SpaceX's 100th Reused Falcon 9 launching Starlink G4-19 satellites

A Falcon 9 booster will make its 13th flight, carrying 53 Starlink satellites to orbit.

Inside a busy weekend for the company, with three launches

SpaceX's 1st launch out of three this weekend, has scheduled for Friday, June 17, 2022, the launch of Falcon 9 v1.2 FT BL5 B1060.13 with 53 Starlink satellites to low earth orbit from Launch Complex 39A (LC-39A) at Kennedy Space Center in Florida. The instantaneous launch window is at 16:08 UTC (12:08 p.m EDT), and a backup opportunity is available on Saturday, June 18, at 15:47 UTC (11:47 a.m EDT).

The 'core' of the first stage of this mission previously launched the GPS III-3, Turksat 5A, Transporter-2 and nine batches of Starlink. After separating the stages, the Falcon 9 core will return to Earth and land on the A Shortfall of Gravitas droneship stationed in the Atlantic Ocean.


Starlink Update

Royal Caribbean Group mentioned the partnership in a filing with the FCC on Friday. “Working with SpaceX Services, Inc., we believe we have identified a true next generation solution for our vessels that meets the rigorous technical and operational requirements commensurate with our growth plans,” the company said.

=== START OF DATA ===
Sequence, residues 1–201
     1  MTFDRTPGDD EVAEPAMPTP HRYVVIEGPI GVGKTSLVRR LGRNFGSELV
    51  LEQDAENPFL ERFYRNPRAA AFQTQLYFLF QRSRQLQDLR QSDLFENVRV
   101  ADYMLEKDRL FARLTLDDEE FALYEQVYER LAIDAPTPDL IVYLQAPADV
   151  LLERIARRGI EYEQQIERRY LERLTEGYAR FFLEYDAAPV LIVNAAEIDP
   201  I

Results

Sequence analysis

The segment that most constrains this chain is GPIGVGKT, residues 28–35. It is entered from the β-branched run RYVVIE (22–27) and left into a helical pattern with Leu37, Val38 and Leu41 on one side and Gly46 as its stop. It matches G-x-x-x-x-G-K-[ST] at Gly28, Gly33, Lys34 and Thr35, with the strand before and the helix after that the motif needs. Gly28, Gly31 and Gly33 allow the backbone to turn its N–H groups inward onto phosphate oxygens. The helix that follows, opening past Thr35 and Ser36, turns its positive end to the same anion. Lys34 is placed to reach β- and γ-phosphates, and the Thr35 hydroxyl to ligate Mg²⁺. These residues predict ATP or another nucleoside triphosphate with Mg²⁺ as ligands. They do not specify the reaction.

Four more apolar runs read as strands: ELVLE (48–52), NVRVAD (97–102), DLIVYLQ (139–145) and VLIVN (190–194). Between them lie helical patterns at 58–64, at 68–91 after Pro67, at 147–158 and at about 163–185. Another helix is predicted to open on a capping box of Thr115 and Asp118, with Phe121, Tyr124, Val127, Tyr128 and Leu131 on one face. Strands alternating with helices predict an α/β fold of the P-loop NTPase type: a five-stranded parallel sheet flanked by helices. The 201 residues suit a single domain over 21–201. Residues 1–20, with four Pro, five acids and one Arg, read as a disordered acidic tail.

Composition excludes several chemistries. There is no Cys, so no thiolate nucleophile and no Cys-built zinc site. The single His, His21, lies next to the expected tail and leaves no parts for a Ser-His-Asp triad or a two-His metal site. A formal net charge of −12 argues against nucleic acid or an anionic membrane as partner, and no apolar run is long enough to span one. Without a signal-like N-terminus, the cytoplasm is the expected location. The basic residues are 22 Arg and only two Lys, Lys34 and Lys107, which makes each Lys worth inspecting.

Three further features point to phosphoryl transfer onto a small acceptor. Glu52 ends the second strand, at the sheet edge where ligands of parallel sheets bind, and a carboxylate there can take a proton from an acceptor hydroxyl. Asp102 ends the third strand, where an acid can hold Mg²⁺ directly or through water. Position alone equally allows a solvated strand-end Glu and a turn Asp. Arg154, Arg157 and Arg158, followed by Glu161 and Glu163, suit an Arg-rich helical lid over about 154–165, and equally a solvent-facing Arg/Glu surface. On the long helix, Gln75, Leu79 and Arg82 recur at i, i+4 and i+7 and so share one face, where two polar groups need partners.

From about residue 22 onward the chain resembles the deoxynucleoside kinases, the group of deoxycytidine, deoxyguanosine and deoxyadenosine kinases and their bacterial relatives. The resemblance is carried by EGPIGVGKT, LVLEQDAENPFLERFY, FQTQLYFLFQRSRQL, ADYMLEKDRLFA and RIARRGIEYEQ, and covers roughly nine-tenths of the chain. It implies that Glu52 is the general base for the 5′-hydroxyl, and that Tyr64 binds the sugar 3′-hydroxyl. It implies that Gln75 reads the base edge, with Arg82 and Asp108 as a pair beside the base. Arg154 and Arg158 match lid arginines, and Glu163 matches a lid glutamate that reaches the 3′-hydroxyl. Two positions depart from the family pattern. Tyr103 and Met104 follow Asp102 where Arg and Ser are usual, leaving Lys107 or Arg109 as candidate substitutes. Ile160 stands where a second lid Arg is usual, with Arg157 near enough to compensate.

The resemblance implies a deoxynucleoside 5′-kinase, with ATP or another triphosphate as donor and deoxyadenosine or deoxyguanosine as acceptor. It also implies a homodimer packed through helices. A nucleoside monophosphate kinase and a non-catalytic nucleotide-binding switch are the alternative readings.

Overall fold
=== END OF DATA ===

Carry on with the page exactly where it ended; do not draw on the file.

“We believe our work with SpaceX, the first of its kind in the cruise industry will set the standard for other cruise operators and will mean a leap in terms of guest experience and business operations while at sea,” the company added. “For this reason, we are eager to advocate for new market entrants to drive a marketplace innovation step change.”



SpaceX CEO Elon Musk has told SpaceX employees the company isn't likely to take its Starlink satellite internet business public until 2025 or later,

"I'm not sure exactly when that [IPO] is, but maybe it will be like — I don't know, just guessing — three or four years from now," Musk said at an all-hands meeting of the private company's employees

Musk emphasized, as he has previously, that the Starlink business needs to be "in a smooth sailing situation" with "good predictability." At that point, "I think spinning it off as a public company can make a lot of sense,"


The latest timeline delay comes despite repeated questions from a variety of investors over the years about owning a piece of SpaceX, a stock which remains privately traded.

157 views0 comments